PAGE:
National Historic Preservation
Act of 1966) or state law (G.S. 121-12a).
From 1976 through 1999, over 700 National Register properties in North
Carolina were rehabilitated under federal
historic preservation tax incentive programs, representing an investment
of over $300,000,000 in National Register properties in the state. A new
state credit for non-income-producing historic structures, inaugurated
in 1998, has stimulated 22 million dollars in construction activity for
250 historic private residences in its first two years.
The Restoration Branch of the State Historic Preservation Office offers
technical restoration consultation services to owners of historic properties,
including municipal and county governments, churches, businesses, and
private property owners. Restoration Branch staff provides consultation
services to more than 2,000 historic properties in a typical year. Restoration
staff is located in Raleigh [phone: (919) 733-6547], Asheville [phone:
(828) 274-6789], and Greenville [phone: (252) 830-6580].
Since the mid-1970s two-thirds of North Carolina's 100 counties and
scores of municipalities have participated in survey and planning grant
projects co-sponsored with the State Historic Preservation Office to conduct
comprehensive surveys of historic properties and prepare nominations of
properties and districts to the National Register of Historic Places.
Many other counties have participated in regional reconnaissance surveys.
The Survey and Planning Branch maintains an estimated 68,000 survey files
with photographs and information about historic structures. The Office
of State Archaeology maintains information concerning the approximately
30,000 prehistoric and historic archaeological sites recorded in the state.
Forty-one counties and thirty-two municipalities have published historic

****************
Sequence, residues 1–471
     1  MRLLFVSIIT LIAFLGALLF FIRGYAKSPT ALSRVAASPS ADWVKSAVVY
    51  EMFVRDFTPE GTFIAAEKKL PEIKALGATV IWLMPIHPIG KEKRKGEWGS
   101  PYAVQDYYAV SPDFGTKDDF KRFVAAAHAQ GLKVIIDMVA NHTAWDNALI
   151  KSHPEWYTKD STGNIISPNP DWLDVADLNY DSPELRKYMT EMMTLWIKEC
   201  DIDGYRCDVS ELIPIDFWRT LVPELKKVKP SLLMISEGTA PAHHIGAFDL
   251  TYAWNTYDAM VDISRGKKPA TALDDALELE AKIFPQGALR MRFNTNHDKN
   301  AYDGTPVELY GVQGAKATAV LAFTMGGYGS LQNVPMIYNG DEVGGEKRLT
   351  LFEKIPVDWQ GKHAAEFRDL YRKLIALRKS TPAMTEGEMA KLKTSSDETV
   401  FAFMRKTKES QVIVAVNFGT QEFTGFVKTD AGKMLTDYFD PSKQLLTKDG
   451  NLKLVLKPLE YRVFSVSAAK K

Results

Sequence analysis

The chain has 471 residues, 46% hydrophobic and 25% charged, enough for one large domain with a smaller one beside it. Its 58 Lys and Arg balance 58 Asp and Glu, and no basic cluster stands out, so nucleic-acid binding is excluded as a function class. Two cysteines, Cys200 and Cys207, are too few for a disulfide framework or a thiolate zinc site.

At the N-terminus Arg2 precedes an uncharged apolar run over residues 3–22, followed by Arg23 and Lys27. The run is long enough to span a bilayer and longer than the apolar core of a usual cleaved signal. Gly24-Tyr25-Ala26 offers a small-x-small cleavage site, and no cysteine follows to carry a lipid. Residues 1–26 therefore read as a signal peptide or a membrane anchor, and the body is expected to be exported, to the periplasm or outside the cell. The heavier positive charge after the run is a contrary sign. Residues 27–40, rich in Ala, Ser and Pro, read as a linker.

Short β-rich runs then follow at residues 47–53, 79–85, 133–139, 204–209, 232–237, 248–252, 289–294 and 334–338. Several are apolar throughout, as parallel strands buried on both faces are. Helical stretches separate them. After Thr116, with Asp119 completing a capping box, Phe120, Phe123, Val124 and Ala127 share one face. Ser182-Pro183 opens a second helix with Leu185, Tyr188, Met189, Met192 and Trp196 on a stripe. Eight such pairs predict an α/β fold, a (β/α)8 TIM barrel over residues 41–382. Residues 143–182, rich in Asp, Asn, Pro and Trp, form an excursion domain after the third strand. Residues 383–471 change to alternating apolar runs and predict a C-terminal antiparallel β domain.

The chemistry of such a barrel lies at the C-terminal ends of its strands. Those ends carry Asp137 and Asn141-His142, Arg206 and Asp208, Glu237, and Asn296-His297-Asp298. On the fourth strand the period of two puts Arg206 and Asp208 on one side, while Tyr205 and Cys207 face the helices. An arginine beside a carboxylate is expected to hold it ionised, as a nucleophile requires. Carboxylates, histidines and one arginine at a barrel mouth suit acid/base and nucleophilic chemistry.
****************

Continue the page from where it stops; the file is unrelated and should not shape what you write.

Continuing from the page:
architecture survey catalogues, many of which are still in print and available
for purchase from the State Historic Preservation Office.
For information about why the National Register was
created and what listing means to a property owner, see NATIONAL
REGISTER FACT SHEET 1, "WHAT
IS THE NATIONAL REGISTER OF HISTORIC PLACES?"
For an explanation of National Register criteria for
evaluation, see NATIONAL REGISTER FACT SHEET 2," NATIONAL
REGISTER CRITERIA FOR EVALUATION."
For information about how properties and districts
are listed in the National Register, see NATIONAL REGISTER FACT SHEET
3, "HOW HISTORIC
PROPERTIES ARE LISTED IN THE NATIONAL REGISTER OF HISTORIC PLACES."
See the handout titled "A
COMPARISON OF THE NATIONAL REGISTER OF HISTORIC PLACES WITH LOCAL HISTORIC
DISTRICT AND LANDMARK DESIGNATIONS" for an explanation
of the differences between the two programs.
FOR MORE INFORMATION:
Historic structures and the National Register:
Survey and Planning Branch, (919) 733-6545.
Archaeological sites and the National Register:
Office of State Archaeology, (919) 733-7342.
Preservation tax credits and technical restoration assistance:
Restoration Branch, (919) 733-6547.
Grants to local governments and organizations for historic property
surveys and National Register nominations:
Grants Coordinator, Administration Branch, (919) 733-4763.
Lists of available architectural survey publications:
Administrative Assistant, Administration Branch, (919) 733-4763.
Address correspondence to the appropriate branch named above at:
The National Register program is governed by the following federal
and state rules and regulations: 36CFR Part 60 (interim rule), 36CFR
Part 61 (final rule), and North Carolina Administrative Code T07: 04R
State Historic Preservation Office
N.C. Office of Archives and History
4617 Mail Service Center
Raleigh NC 27699-4617